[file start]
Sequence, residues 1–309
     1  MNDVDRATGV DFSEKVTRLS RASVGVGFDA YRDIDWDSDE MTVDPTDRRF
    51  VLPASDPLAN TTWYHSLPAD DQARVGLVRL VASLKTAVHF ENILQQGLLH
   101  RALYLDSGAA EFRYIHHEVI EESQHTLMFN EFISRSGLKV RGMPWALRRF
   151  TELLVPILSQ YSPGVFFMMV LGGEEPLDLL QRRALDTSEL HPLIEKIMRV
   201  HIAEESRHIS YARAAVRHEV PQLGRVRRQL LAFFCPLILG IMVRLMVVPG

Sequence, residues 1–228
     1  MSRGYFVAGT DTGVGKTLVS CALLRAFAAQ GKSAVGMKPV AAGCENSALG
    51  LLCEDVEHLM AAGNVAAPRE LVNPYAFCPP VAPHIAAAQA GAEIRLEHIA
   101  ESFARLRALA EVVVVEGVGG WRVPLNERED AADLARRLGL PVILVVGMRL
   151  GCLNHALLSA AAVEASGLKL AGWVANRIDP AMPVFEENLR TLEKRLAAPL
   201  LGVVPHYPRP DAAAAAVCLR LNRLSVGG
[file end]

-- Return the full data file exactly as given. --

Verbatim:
Sequence, residues 1–309
     1  MNDVDRATGV DFSEKVTRLS RASVGVGFDA YRDIDWDSDE MTVDPTDRRF
    51  VLPASDPLAN TTWYHSLPAD DQARVGLVRL VASLKTAVHF ENILQQGLLH
   101  RALYLDSGAA EFRYIHHEVI EESQHTLMFN EFISRSGLKV RGMPWALRRF
   151  TELLVPILSQ YSPGVFFMMV LGGEEPLDLL QRRALDTSEL HPLIEKIMRV
   201  HIAEESRHIS YARAAVRHEV PQLGRVRRQL LAFFCPLILG IMVRLMVVPG

Sequence, residues 1–228
     1  MSRGYFVAGT DTGVGKTLVS CALLRAFAAQ GKSAVGMKPV AAGCENSALG
    51  LLCEDVEHLM AAGNVAAPRE LVNPYAFCPP VAPHIAAAQA GAEIRLEHIA
   101  ESFARLRALA EVVVVEGVGG WRVPLNERED AADLARRLGL PVILVVGMRL
   151  GCLNHALLSA AAVEASGLKL AGWVANRIDP AMPVFEENLR TLEKRLAAPL
   201  LGVVPHYPRP DAAAAAVCLR LNRLSVGG